Its a given that every sportbike collector has a bike (or two) they regret not adding to their collection back when they were cheap to acquire. Typically these regrets are for bikes that introduced a new technology or reset the standards for a sportbike class. Also they were probably in pristine/nearly all OEM condition. My personal example of this is the 1st year Yamaha R1 (the red and white one) which has seen dramatic price appreciation over the last 2 years. Other examples in recent years include the Suzuki TL1000 and Triumph Daytona 955i, both which have also begun to increase in value quite dramatically
I mention all this because today's post is a 1st year/1999 Suzuki Hayabusa, a model which could become another "missed opportunity" for collectors very soon.
When the Hayabusa was first announced in the late 1997, the expectations of the sportbike world were that it would be an ultra-light, ultra focused machine meant to compete against the Honda CBR900/Fireblade and Yamaha R1. This was probably due to its name, which means "Perigrine Falcon". But Suzuki actually decided to go after a market that hadn't seen any dramatic changes in quite a while; the big bore hyper-sport. Suzuki's Hayabusa hearkened back to the era when bikes like the Kawasaki ZX, Honda Blackbird and Yamaha Thunderace ruled; big bikes that could cover big distances with big speed.
Did the Hayabusa deliver? Woo wee wow, yes it did. The big Suzuki came standard from the factory with a top speed that was over 300 kph (that's over 185 mph for our non-metric readers). Even more insanely, upon its introduction the big "bird" bike from Hamamatsu Japan did not have any electronic speed restrictions installed so even more speed was easily possible with just a few tweaks.
It probably shouldn't have come as a surprise that, shortly after the Hayabusa was launched, an agreement was reached between the Japanese and European manufacturers to limit motorcycles to no more than 300 kph. This meant that the unrestricted Hayabusa,was pretty much guaranteed to be the top speed champ for quite a while. The Hayabusa actually held the top speed record for unmodified bikes for almost 10 years, finally being dethroned by the BMW S1000 in 2009.
This particular Hayabusa looks to be nearly all OEM and the seller posts a fair amount of pics showing condition. Mileage is approximately 14,000 miles so its not been a garage quuen but a good amount of service info is provided. Even the only non-OEM pieces are clearly identified by the owner.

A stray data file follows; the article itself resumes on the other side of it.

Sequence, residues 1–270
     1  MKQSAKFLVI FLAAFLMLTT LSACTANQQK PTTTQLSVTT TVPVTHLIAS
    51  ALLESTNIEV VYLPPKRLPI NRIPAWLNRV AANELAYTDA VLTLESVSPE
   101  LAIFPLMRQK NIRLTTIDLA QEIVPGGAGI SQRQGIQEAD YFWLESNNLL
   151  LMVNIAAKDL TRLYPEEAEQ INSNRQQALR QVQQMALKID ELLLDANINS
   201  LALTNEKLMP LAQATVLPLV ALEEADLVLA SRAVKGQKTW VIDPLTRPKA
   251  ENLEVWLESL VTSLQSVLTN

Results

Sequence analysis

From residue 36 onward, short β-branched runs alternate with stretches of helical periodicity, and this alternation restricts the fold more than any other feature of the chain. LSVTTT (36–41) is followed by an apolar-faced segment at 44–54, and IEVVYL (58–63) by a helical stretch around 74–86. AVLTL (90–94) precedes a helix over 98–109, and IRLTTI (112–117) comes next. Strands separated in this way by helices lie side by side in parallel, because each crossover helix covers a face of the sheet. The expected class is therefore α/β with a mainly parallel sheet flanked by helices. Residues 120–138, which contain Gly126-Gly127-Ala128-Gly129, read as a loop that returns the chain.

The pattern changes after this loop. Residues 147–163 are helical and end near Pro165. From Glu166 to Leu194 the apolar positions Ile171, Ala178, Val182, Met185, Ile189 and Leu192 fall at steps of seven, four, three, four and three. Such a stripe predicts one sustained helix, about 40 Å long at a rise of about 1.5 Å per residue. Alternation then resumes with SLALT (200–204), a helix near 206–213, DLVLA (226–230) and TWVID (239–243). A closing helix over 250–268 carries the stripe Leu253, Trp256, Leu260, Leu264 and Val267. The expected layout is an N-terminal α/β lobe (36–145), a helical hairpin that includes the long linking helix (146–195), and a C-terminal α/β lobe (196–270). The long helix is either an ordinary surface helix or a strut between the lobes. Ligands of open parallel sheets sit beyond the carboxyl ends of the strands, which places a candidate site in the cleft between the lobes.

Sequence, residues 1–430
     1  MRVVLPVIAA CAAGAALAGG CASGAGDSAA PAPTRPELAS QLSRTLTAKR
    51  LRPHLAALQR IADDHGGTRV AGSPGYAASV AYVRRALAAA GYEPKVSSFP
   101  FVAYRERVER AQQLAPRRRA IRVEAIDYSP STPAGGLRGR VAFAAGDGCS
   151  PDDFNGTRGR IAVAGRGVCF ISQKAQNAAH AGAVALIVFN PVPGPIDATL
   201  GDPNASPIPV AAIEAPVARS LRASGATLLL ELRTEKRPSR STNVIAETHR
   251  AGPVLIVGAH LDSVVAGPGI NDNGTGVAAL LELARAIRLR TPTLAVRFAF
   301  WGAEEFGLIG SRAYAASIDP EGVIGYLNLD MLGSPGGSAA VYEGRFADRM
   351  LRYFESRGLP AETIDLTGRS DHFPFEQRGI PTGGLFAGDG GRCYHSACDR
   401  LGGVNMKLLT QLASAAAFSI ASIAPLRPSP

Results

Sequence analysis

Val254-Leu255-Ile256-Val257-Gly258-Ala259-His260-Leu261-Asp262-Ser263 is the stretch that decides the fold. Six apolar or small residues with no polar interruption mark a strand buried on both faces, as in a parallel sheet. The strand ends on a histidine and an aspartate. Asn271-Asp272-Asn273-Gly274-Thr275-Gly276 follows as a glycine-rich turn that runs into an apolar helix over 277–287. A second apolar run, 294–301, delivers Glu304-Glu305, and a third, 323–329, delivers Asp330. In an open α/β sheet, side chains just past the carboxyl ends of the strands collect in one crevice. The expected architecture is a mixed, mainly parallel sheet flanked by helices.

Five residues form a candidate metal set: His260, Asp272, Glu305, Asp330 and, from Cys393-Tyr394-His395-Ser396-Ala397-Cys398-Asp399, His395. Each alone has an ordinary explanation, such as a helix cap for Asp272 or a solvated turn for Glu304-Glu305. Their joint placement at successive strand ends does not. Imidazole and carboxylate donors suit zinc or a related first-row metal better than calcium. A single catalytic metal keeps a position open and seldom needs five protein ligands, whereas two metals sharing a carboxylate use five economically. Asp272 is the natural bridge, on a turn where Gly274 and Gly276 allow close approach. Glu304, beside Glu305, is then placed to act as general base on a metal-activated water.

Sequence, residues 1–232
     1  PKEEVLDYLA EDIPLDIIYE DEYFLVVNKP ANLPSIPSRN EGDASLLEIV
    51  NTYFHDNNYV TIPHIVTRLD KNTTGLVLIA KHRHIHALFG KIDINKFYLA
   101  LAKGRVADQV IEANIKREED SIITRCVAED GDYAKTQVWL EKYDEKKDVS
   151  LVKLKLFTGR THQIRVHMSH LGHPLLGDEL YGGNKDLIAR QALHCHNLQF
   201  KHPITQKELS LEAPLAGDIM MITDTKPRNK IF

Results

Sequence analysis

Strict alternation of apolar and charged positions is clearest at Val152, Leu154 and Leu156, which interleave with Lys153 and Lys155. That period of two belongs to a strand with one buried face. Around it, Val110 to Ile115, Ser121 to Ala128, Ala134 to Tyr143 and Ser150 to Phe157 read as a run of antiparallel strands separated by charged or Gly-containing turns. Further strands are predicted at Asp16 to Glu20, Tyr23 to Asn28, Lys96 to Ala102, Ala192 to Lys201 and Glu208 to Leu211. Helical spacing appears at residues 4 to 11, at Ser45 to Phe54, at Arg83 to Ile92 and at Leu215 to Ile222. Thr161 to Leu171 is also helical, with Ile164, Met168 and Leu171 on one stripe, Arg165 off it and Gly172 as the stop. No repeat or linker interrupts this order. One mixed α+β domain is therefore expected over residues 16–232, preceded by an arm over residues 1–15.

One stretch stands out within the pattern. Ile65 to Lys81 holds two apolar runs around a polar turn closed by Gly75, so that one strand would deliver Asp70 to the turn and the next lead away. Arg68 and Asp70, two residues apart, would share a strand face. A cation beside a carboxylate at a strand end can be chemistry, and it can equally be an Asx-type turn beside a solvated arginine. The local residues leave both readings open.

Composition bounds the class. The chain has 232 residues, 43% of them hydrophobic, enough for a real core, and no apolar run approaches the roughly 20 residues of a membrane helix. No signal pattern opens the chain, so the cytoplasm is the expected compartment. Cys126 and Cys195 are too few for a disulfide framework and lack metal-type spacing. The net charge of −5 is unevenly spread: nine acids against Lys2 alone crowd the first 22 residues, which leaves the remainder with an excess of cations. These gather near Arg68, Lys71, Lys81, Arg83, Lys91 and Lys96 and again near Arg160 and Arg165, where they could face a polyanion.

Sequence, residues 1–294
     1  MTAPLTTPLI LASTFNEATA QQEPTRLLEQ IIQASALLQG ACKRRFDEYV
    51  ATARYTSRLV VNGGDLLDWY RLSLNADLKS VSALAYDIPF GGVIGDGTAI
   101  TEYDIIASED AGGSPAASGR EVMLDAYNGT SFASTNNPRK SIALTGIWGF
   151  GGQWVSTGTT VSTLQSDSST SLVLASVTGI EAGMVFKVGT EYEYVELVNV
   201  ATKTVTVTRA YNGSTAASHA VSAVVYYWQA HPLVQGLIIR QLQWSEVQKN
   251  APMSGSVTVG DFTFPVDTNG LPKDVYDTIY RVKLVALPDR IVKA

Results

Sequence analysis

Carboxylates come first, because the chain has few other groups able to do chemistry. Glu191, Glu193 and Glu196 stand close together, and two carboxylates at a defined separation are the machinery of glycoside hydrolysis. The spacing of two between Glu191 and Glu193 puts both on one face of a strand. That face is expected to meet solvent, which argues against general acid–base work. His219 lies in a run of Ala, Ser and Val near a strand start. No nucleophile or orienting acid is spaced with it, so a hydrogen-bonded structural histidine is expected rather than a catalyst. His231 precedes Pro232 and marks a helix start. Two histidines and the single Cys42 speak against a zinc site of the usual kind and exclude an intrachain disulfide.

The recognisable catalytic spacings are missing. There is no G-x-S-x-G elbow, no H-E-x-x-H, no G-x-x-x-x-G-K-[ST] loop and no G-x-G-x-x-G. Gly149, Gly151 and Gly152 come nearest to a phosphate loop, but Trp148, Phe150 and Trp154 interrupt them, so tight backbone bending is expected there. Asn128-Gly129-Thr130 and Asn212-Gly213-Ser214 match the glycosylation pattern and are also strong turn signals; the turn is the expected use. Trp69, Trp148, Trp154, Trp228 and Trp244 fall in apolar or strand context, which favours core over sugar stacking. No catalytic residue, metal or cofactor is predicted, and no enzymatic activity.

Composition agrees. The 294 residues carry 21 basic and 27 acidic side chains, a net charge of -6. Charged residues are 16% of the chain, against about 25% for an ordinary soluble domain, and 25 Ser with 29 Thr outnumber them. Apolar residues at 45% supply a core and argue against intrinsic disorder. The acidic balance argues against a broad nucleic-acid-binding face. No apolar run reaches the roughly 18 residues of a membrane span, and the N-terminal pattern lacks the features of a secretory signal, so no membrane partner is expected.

Here is what the seller has to say:
- *NEW* Pilot Sports
- Full Akrapovic stainless steel exhaust system
- Full synthetic fluids every 4K mi. from day one
- PowerCommander 3 with a radical map currently programmed
- Brock clutch kit and clutch cushion upgrade
- Adult owned, NEVER raced, dropped or molested.
- Never seen rain. Been in a heated garage on battery tender for a couple years now
- Have stock seat and sissy bar.
One more interesting note- the big Suzuki wasn't a runaway sales success in its first year. Unlike most bikes, which sell well in their first year and then see their numbers decline the Hayabusa reversed this pattern. According to Wikipedia, "sales in the United States increased from just a few thousand units in 1999 to over 10,000 in 2006."
So is this 1st year unrestricted speed monster worth the $7000 USD asking price? Well we haven't posted too many of these before so very little price info is in the RSBFS archive. A quick search through ebay history seems to show a price for 1st year Hayabusas around $4500-$6000 USD depending on mileage. Given this bike has approximately 14,000 miles the sellers $7000 asking price seems to be at the high end of the range but not completely unreasonable.
The Hayabusa will never be unobtanium and you won't impress anyone by riding one to your local bike night. Then again, we used to say the same thing about 1st year Fireblades and the R1. And this is the 1st year model, which was produced in much less numbers and was the only unrestricted version, so perhaps the question for collectors really is - how much will I regret it if I miss this opportunity?